Gepstein and his colleagues used this method to save the life of a young woman in 2011, and have since demonstrated the ability to study and test treatments for dozens of cardiac genetic diseases using “disease in a dish.”
Now a major internationally funded study at Rambam is furthering the goal of generating patient-specific models of heart disease and individualizing treatment for that disease.
“This also provides the pharmaceutical industry, for the first time, with disease models of heart cells that they can use to develop new drugs,” says Gepstein. “If you have a promising drug with possible adverse side effects on the heart, you can test it in a lab dish instead of in humans before spending billions on development. Right now we are trying to find collaborations with the pharma industry.”
Your heart in a hologram
The conference also included a presentation by Dr. Elchanan Bruckheimer, medical director of RealView Medical Holography in Yokneam.
“This completely new technology developed in Israel provides an online holographic 3D image of the heart,” says Rambam Health Care Campus Director General Dr. Rafi Beyar, who is a cardiologist and professor of biomedical engineering at the Technion.
“Using RealView imaging, you can see the heart in front of you and manipulate and measure it while you are doing surgery on the actual heart. This new technology will change the way heart surgery is performed.”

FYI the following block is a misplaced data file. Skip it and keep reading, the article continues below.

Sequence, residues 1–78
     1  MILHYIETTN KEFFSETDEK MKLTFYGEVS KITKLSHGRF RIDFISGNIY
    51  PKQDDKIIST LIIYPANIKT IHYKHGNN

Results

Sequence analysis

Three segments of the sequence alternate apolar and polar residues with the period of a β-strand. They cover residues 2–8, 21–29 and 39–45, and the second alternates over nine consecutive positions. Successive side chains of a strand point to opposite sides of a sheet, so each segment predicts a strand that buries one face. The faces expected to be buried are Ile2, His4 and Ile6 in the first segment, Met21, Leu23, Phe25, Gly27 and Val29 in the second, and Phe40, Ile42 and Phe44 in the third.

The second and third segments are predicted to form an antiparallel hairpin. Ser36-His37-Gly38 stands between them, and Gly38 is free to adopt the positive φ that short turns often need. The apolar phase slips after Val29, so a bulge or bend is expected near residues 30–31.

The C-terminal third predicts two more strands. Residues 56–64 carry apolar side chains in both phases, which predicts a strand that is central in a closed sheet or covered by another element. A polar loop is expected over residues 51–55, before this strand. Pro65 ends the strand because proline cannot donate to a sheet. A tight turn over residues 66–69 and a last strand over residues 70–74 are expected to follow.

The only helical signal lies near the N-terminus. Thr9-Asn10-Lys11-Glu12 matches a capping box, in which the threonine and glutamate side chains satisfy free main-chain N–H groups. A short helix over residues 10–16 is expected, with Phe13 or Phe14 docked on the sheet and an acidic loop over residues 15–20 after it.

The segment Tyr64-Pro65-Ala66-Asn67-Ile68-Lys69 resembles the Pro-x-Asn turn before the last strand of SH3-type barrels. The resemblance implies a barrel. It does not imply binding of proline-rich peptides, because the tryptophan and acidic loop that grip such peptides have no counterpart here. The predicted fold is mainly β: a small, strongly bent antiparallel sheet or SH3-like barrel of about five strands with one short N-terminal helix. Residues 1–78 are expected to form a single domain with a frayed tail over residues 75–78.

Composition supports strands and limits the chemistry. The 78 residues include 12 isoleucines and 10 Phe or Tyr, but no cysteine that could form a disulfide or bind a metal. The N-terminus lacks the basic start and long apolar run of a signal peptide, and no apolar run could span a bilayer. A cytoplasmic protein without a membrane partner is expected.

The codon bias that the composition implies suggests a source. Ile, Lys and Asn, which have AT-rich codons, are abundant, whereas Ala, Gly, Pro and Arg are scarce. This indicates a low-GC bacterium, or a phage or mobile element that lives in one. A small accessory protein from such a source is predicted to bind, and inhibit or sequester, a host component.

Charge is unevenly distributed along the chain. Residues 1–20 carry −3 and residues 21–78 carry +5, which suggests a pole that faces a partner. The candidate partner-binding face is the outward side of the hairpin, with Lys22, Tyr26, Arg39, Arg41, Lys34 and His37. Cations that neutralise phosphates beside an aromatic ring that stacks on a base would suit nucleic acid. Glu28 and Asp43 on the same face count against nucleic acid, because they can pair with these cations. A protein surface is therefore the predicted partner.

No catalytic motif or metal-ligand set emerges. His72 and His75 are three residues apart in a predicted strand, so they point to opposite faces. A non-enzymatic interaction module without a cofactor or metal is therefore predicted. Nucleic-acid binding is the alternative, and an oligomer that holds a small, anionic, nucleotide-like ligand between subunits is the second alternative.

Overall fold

Established in 2008, RealView has completed its first human clinical trials in interventional cardiology, and now is finalizing the design in anticipation of producing its first commercial products for 3D medical imaging.
Digital health startup incubator
Beyar told ISRAEL21c that the medical center recently launched a new digital health startup incubator in partnership with IBM, multinational medical-device company Medtronic and Pitango Venture Capital.
“In the next 10 years, the incubator will fund and support 40 companies in digital health, and I’m sure cardiovascular health will be the focus of at least 50 percent of their activities,” Beyar tells ISRAEL21c.
“Worldwide, cardiovascular disease is really taking a major role because it is still the No. 1 cause of death in the Western world despite huge advancements in cardiac medicine.”
Gepstein adds that cardiovascular disease is a growing problem because of the sheer numbers of older adults and also, ironically, “because we’ve become really good at saving people after heart attacks. They are alive but they have chronic heart failure. So this will be a huge clinical burden in the coming years.”
In addition to better devices and better drugs to fight this phenomenon, many digital health initiatives are aimed at prevention and lifestyle changes, says Beyar.
Among the successful worldwide companies spun off by Rambam MedTech, the medical center’s technology-transfer company, are two cofounded by Beyar himself: Instent, sold to Medtronic in 1996; and Corindus Vascular Robotics, now based in Massachusetts.
“We have this entrepreneurial spirit in Haifa that takes ideas and turns them into companies,” he says. “Rambam works side by side with the Technion and therefore the connection between bioengineering and innovation is very strong.”